The challenge of effectively dealing with the problem of global hunger can be handled in large part through the use of technology, stated Simmons, who noted that even in the affluent United States, an estimated eight of 10 inner city children in Indianapolis rely on free breakfasts and lunches to meet their nutritional needs.
The prospect of feeding the additional two billion people expected to be added to the Earth’s population by the year 2050 will be an insurmountable challenge, Simmons believes, if the world does not utilize innovation and technology to create the efficiencies necessary to grow more food.
Simmons stated that an outspoken one percent of the population opposes the use of technology to create solutions to the hunger crisis that claims an estimated 25,000 lives per day – more than any disease. It is that small minority, however, that he believes get disproportionate attention with their demands for food bans and restrictions on the use of innovative technologies to expand the food supply.
“What you do really matters,” Simmons told the USMEF audience, citing agronomist and Nobel laureate Norman Borlaug by stating: “food is the moral right of all who are born into this world.”
Simmons was joined on the meeting agenda by Joseph Kelsay, director of the Indiana State Department of Agriculture, who echoed Simmons’ statements.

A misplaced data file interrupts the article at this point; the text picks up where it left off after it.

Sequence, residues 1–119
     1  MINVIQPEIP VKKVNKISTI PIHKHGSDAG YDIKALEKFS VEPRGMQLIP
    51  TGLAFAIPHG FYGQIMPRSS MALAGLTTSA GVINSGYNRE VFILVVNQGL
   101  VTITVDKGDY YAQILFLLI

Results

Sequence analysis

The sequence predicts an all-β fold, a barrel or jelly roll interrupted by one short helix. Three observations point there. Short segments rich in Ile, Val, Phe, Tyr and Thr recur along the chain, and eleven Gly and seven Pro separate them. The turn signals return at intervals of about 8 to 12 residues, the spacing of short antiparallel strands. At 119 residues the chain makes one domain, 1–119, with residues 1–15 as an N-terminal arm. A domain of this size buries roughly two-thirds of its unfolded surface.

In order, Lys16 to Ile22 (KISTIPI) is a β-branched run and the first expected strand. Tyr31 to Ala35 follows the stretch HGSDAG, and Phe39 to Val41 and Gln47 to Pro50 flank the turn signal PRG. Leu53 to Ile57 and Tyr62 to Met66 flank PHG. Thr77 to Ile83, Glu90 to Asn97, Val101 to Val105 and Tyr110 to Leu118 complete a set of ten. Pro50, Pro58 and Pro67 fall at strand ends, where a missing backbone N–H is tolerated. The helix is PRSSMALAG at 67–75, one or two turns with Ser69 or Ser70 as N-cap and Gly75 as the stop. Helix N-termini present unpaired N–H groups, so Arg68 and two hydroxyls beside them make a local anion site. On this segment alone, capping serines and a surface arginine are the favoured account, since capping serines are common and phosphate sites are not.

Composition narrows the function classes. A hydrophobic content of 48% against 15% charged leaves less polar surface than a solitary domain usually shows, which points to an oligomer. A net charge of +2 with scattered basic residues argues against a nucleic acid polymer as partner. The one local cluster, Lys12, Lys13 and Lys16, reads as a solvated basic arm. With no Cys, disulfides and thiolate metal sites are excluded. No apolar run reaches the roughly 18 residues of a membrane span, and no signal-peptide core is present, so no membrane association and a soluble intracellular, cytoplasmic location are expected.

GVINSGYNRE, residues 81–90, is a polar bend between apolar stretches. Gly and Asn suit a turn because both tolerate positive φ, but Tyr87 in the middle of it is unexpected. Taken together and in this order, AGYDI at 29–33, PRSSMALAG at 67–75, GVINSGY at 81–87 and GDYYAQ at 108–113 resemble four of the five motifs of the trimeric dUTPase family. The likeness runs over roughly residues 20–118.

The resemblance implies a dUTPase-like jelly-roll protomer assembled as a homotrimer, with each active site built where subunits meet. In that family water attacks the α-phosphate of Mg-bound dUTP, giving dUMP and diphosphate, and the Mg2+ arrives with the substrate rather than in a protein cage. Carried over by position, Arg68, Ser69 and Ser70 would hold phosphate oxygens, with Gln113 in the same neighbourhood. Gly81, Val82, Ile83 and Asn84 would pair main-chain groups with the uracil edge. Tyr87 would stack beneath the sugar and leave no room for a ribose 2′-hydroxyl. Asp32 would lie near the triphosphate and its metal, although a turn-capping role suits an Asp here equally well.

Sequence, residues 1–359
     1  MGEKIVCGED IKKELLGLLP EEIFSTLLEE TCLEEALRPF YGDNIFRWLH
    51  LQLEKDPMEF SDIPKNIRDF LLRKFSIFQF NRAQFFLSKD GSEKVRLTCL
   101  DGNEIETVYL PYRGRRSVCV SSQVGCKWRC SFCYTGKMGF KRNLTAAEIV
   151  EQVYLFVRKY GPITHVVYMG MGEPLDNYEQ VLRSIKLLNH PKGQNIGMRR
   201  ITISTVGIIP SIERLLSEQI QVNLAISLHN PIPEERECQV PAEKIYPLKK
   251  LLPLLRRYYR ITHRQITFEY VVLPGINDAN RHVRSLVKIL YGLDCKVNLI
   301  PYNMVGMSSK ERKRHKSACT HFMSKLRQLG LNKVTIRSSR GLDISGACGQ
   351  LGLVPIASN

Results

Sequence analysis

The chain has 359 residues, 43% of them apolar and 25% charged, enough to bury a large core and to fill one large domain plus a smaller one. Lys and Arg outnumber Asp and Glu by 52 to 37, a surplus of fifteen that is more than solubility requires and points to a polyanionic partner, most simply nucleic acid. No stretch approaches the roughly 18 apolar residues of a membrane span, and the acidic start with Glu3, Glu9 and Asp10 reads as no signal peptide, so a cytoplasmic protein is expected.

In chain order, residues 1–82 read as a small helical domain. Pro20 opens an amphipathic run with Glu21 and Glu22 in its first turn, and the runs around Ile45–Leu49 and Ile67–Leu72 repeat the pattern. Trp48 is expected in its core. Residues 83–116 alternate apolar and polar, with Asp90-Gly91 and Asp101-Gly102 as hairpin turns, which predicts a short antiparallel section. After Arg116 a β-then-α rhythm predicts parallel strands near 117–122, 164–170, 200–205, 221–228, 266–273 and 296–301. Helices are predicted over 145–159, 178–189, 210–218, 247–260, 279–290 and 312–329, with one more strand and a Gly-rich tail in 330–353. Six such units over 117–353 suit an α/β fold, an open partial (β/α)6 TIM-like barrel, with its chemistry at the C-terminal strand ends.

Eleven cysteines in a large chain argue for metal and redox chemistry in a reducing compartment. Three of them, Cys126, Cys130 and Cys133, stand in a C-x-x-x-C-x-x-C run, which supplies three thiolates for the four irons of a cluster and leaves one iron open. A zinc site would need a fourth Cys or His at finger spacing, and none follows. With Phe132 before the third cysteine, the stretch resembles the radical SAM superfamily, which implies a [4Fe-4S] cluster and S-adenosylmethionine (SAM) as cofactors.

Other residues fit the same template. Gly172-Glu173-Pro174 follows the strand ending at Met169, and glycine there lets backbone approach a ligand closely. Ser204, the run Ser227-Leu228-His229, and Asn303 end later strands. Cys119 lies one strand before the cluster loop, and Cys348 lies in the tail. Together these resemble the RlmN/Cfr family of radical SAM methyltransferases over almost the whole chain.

“It is our moral obligation to provide sustenance to people around the world,” said Kelsay, who lauded the State of Indiana’s 256 percent growth in the export of live animals and meats between the year 2000 and 2008, reaching $371.6 million.
USMEF President and CEO Philip Seng’s address to the audience touched on the challenges to the U.S. agriculture sector in maintaining the current level of exports without an approved Farm Bill, which would provide funding both for the USDA Foreign Agriculture Service (FAS) as well as the Market Access Program (MAP) and Foreign Market Development (FMD) program that support U.S. agricultural exports.
“If a new Farm Bill is not passed during the upcoming legislative lame duck session, there will be severe impacts on USMEF and all of the other 80 organizations that contributed to the $141 billion in U.S. agricultural exports in 2011,” Seng told the audience. “Now that the presidential election is over, we need you to prevail on your congressmen through any means possible to ensure that the Farm Bill is passed soon.”
Seng also discussed challenges the U.S. agricultural sector is facing from competitors like the European Union, which is aggressively working to win global converts to its approach to agriculture that opposes adoption of proven food safety and production enhancing technologies.
“The EU is aggressively pursuing trade agreements with South Korea, China, Japan and others, but these agreements are not just about trade,” said Seng. “They’re part of an effort by the EU to proselytize or convert others to the EU approach to agriculture technology and biogenetics…If you can’t compete on quality, you find another way to negate your competitor.”
USMEF’s Strategic Planning Conference continues today and Friday with presentations by USMEF’s international directors and industry sector meetings. On Friday, Purdue University Professor Dr. Chris Hurt will speak on the impact of the 2012 drought.